Of course, you can hire an employee or a consultant to manage your website, but that will increase your costs.
4. Your customers might not be there.
It’s true that internet use is increasing dramatically and spreading throughout the world. It’s true that the internet is replacing TV viewing for many people — especially young adults and teens. But, let’s look at what they’re doing online.
Internet usage falls into 4 categories. Roughly on the order of time spent, these categories are:
- social networks – like Facebook, Twitter, YouTube
- entertainment and news sites- such as Hulu, Wall Street Journal
- Gaming sites – such as Farmville
- Shopping sites – such as Craigslist, eBay, and Amazon, as well as coupon aggregators such as Groupon.
Online product search and e-commerce are still somewhat anemic, although growing. Moreover, much of this search occurs at well-known sites, such as Target, or for specialty products that are hard to find. Broad product categories are almost never searched online, especially utilitarian products and food products.
Does your target market search for businesses and products in your industry online? Will your website provide some value-added services to encourage your target market to use the website? So, do you need a website?
5. Does a website FIT into your overall marketing strategy?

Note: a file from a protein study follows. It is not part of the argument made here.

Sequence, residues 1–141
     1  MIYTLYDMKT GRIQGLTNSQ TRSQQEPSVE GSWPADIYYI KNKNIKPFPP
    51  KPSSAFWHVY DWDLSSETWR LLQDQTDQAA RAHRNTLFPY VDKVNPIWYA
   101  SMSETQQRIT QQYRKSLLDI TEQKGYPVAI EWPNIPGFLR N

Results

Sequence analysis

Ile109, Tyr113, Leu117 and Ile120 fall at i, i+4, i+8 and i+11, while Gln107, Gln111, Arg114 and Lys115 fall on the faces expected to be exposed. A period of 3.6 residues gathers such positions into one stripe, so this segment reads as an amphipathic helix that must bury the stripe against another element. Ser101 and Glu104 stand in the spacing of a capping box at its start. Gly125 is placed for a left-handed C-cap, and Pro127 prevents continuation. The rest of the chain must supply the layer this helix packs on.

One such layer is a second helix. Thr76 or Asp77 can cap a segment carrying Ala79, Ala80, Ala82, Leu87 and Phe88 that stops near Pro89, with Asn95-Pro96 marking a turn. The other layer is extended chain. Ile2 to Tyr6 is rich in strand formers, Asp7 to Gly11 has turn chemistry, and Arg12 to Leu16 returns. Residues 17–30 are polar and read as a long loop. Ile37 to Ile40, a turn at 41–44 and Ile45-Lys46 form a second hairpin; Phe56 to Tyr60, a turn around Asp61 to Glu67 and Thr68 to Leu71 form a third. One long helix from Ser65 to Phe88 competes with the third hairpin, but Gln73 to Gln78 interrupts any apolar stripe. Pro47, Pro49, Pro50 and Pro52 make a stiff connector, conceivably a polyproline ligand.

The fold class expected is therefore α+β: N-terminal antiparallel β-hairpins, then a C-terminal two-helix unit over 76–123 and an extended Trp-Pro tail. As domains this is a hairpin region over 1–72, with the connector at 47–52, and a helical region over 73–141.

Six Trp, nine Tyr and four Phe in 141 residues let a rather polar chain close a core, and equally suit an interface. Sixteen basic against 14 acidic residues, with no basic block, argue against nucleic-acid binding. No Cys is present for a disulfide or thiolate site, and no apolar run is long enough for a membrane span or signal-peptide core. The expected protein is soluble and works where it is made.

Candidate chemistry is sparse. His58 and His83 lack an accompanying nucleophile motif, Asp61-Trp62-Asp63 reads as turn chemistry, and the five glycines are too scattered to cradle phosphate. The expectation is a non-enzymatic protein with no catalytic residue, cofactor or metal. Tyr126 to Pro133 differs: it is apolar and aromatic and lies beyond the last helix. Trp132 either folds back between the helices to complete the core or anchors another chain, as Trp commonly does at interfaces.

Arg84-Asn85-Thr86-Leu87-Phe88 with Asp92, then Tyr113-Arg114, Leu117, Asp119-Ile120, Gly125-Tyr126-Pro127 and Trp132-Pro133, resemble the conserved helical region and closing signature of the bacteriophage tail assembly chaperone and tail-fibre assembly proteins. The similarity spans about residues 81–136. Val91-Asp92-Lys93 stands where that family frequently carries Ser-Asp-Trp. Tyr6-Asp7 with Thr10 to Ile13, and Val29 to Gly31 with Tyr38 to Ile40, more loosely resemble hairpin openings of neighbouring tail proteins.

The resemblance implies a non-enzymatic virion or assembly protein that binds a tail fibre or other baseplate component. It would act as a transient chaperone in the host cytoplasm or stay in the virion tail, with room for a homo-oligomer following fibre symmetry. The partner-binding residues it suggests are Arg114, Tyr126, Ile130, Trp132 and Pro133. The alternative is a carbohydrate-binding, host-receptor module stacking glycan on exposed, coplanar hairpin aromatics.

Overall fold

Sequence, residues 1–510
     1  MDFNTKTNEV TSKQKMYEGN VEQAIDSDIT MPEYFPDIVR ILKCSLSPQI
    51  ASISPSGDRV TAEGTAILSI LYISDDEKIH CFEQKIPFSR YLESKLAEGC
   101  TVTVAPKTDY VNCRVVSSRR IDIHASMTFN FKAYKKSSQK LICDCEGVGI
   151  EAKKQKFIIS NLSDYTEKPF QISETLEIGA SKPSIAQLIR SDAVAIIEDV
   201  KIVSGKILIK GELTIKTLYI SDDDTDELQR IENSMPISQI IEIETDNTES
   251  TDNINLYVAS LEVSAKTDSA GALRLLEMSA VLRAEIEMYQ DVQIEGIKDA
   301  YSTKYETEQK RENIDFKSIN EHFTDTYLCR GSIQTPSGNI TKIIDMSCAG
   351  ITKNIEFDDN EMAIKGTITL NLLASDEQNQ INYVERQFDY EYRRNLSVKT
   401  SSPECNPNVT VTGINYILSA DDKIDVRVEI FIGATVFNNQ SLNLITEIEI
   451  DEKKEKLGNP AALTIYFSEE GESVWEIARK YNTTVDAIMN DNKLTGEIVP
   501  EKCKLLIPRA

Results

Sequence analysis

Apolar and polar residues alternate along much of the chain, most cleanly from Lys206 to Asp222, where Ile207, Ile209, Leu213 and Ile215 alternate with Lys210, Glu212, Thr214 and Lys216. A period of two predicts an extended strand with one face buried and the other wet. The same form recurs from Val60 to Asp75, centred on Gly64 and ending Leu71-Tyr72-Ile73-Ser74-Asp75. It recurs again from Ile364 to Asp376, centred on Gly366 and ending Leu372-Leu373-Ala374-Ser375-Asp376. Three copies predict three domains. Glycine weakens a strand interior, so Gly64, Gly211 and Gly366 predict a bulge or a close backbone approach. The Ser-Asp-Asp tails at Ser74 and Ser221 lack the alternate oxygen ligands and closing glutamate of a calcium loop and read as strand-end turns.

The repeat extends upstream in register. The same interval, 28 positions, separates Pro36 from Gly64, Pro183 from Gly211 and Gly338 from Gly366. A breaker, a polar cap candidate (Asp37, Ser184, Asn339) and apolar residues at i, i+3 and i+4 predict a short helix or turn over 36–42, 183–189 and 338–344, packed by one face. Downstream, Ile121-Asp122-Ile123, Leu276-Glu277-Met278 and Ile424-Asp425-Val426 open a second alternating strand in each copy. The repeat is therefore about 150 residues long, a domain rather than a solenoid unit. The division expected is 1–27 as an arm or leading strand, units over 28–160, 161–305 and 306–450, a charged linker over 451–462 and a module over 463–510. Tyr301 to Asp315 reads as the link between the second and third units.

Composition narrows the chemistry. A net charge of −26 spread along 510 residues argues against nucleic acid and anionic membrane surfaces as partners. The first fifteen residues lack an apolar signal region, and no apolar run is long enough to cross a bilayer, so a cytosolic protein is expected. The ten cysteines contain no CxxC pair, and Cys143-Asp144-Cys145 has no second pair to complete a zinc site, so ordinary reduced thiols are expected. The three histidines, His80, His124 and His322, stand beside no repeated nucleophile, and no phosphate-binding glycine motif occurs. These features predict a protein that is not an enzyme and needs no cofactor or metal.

A bad website is worse than no website at all. Your website is an extension of your brand and should reflect the same brand image as the rest of your marketing efforts.
A website also consumers scarce resources of time and money, so that these resources are NOT available for other projects that are important for your marketing strategy.
- What are your goals for your website?
- Do you need a website?
- Is achieving these goals realistic?
- Will your website support your other marketing strategies?
- In a cost/ benefit analysis, does developing and maintaining a website make sense?
- Is there a better use for the resources you will commit to developing and maintaining a website — ones that have a higher cost/ benefit?
Why you need a small business website
OK, now that I gave you some reasons for not building a small business website, let’s look at why you should ignore this advice and build one anyway.
Data shows that consumers complete much of the purchase decision before they reach out to you, including visiting your store. Without a small business website, you miss the opportunity to reach customers to get in their consideration set.
OK, you might argue, you use social media and don’t need a small business website. Well, what happens if you get banned from social media, even if it’s only temporary? Or if the platform changes the way you work with them in a way that makes it harder to reach your target market?
You own your website and no one can will it out of existence. You also use your website to build a community, address customer service issues, and generate trust in your brand as an expert. All these things drive more revenue to your bottom line.
Do you need a small business website? A website MAY be a valuable addition to your marketing strategy, but there are 5 issues you should consider before embarking on a website: 1) they are expensive; 2) the internet is cluttered with websites, so yours will be hard to find; 3) they take time; 4) your target market may NOT be searching for you online; 5) a website may not FIT your marketing strategy.
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Hausman and Associates, the publisher of MKT Maven, is a full-service marketing agency operating at the intersection of marketing and digital media. Check out our full range of services.